Association between perioperative fluid management and patient outcomes: a multicentre retrospective study.

Journal Article (Journal Article;Multicenter Study)

BACKGROUND: Postoperative complications increase hospital length of stay and patient mortality. Optimal perioperative fluid management should decrease patient complications. This study examined associations between fluid volume and noncardiac surgery patient outcomes within a large multicentre US surgical cohort. METHODS: Adults undergoing noncardiac procedures from January 1, 2012 to December 31, 2017, with a postoperative length of stay ≥24 h, were extracted from a large US electronic health record database. Patients were segmented into quintiles based on recorded perioperative fluid volumes with Quintile 3 (Q3) serving as the reference. The primary outcome was defined as a composite of any complications during the surgical admission and a postoperative length of stay ≥7 days. Secondary outcomes included in-hospital mortality, respiratory complications, and acute kidney injury. RESULTS: A total of 35 736 patients met the study criteria. There was a U-shaped pattern with highest (Q5) and lowest (Q1) quintiles of fluid volumes having increased odds of complications and a postoperative length of stay ≥7 days (Q5: odds ratio [OR] 1.51 [95% confidence interval {CI}: 1.30-1.74], P<0.001; Q1: OR 1.20 [95% CI: 1.04-1.38], P=0.011) compared with Q3. Patients in Q5 had greater odds of more severe acute kidney injury compared with Q3 (OR 1.52 [95% CI: 1.22-1.90]; P<0.001) and respiratory complications (OR 1.44 [95% CI: 1.17-1.77]; P<0.001). CONCLUSIONS: Both very high and very low perioperative fluid volumes were associated with an increase in complications after noncardiac surgery.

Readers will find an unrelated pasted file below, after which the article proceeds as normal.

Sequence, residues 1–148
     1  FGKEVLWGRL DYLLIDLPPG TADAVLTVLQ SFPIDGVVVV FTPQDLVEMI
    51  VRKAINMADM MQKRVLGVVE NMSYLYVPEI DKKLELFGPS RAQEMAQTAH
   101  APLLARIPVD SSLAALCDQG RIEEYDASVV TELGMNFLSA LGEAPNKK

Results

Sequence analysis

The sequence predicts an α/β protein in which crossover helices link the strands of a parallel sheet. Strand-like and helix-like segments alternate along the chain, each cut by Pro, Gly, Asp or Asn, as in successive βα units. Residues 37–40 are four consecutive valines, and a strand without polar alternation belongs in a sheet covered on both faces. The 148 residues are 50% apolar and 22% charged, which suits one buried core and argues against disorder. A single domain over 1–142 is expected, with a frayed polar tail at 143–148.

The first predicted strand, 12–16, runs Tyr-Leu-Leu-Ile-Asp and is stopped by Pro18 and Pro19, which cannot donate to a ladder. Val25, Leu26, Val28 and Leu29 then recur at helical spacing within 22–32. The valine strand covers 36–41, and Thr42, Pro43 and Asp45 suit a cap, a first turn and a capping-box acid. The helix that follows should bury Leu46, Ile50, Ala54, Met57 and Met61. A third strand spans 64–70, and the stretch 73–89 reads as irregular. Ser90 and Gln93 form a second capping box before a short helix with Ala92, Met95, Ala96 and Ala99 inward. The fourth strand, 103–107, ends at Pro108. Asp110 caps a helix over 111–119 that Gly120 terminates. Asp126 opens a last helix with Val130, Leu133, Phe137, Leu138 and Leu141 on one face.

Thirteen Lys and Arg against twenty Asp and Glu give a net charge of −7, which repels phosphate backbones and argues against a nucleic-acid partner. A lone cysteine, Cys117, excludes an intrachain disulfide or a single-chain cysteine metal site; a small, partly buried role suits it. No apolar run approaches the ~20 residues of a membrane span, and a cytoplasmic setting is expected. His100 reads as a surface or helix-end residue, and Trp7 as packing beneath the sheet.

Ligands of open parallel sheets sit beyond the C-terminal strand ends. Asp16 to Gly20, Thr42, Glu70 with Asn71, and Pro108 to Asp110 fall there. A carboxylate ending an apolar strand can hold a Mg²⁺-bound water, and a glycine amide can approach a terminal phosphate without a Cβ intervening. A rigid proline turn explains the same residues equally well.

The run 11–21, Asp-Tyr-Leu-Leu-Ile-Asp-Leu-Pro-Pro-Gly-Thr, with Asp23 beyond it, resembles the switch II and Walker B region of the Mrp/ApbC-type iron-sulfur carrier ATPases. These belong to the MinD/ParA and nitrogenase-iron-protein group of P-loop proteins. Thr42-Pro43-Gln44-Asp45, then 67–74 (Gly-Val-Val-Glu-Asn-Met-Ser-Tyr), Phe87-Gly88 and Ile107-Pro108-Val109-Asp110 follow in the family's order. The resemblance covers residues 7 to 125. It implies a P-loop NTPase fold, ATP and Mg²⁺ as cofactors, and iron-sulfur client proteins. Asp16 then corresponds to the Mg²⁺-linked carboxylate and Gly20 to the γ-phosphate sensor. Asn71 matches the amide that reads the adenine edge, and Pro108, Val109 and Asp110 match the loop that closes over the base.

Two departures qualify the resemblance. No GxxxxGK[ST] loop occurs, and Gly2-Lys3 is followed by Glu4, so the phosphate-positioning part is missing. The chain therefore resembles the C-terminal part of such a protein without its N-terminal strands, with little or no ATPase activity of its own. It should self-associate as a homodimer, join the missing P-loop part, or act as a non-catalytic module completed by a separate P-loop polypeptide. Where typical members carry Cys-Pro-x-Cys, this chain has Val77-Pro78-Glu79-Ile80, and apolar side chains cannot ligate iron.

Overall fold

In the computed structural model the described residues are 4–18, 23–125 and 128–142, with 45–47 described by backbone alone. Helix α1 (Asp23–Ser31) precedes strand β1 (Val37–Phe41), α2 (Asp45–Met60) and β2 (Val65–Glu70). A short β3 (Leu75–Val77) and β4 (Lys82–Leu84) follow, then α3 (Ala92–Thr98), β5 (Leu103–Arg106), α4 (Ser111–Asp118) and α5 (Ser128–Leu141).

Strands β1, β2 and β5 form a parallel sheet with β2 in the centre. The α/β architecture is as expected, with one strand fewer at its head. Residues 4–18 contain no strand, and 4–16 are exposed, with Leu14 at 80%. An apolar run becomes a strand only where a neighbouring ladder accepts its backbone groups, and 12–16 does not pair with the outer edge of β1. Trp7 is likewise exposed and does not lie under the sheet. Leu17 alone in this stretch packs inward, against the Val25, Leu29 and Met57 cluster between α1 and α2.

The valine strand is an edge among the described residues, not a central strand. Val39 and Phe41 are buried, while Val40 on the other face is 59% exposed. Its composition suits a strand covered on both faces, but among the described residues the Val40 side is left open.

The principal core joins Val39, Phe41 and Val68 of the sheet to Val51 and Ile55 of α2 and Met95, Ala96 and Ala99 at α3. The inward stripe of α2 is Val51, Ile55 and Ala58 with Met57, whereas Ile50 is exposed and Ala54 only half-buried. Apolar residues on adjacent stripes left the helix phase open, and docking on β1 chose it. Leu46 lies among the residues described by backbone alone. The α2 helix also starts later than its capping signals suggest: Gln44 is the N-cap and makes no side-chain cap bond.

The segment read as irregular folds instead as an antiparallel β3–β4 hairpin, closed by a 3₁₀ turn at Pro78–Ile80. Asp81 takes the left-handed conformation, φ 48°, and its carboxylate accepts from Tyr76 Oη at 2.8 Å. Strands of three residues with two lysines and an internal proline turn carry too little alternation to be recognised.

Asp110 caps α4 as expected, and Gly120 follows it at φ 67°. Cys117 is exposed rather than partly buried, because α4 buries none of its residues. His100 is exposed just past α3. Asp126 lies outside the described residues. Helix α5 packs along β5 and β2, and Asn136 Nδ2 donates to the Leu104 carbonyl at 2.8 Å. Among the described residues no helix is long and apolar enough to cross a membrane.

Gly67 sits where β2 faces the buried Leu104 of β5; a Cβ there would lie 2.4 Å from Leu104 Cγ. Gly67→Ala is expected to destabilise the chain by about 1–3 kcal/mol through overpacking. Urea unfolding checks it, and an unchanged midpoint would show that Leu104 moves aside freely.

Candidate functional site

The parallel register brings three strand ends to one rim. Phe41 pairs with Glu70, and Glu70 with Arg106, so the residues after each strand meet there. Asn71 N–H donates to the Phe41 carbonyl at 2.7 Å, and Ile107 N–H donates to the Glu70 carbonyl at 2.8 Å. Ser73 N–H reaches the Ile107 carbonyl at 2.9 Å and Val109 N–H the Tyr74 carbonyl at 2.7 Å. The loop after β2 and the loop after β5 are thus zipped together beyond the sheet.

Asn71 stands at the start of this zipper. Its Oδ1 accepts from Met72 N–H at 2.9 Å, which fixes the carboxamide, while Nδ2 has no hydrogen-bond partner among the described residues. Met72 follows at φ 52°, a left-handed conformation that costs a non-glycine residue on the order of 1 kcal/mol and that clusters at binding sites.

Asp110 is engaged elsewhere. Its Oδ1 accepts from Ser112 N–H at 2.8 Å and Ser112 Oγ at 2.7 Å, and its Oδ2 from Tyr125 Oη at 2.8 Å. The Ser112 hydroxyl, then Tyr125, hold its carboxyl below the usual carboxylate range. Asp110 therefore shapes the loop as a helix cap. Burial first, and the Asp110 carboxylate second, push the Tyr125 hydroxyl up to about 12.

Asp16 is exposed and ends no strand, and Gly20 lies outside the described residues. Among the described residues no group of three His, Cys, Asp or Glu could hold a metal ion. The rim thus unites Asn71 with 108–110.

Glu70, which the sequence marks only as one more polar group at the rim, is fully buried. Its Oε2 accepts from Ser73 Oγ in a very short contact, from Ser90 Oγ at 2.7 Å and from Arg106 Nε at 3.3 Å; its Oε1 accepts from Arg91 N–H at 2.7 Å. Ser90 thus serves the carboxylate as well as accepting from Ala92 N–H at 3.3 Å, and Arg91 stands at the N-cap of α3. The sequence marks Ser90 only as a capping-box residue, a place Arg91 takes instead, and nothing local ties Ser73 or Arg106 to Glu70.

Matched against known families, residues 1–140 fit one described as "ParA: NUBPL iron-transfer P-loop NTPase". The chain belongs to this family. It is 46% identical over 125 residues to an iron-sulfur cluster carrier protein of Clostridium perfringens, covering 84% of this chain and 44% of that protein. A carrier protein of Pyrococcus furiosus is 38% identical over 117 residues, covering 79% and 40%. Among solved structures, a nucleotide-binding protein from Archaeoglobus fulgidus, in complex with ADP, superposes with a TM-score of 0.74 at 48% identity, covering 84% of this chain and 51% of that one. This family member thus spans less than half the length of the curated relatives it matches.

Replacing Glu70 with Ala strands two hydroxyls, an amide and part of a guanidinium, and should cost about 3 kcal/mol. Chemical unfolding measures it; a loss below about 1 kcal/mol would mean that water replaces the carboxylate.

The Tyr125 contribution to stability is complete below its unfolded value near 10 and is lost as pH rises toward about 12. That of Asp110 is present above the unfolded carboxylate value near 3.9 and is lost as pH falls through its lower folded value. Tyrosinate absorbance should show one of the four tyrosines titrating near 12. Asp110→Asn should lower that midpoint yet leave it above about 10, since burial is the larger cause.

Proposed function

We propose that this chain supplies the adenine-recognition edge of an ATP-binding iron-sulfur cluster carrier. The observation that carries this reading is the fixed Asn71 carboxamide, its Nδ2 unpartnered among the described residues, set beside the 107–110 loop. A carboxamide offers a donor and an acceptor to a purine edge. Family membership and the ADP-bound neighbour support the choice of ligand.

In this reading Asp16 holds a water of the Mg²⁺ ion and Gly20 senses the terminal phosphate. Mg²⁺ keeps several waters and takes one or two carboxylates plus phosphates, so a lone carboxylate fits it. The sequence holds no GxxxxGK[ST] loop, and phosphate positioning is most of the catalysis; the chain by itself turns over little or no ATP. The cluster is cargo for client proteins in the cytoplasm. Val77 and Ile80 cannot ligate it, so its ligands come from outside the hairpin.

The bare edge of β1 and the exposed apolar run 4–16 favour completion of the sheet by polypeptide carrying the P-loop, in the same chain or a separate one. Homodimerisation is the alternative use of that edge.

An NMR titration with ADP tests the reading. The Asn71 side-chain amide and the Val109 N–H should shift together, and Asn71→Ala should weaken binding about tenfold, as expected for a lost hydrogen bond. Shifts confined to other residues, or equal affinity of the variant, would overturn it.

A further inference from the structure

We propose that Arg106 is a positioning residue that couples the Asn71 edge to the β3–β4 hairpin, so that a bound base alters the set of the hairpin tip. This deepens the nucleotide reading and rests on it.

Full Text

Duke Authors

Cited Authors

  • Miller, TE; Mythen, M; Shaw, AD; Hwang, S; Shenoy, AV; Bershad, M; Hunley, C

Published Date

  • March 2021

Published In

Volume / Issue

  • 126 / 3

Start / End Page

  • 720 - 729

PubMed ID

  • 33317803

Electronic International Standard Serial Number (EISSN)

  • 1471-6771

Digital Object Identifier (DOI)

  • 10.1016/j.bja.2020.10.031


  • eng

Conference Location

  • England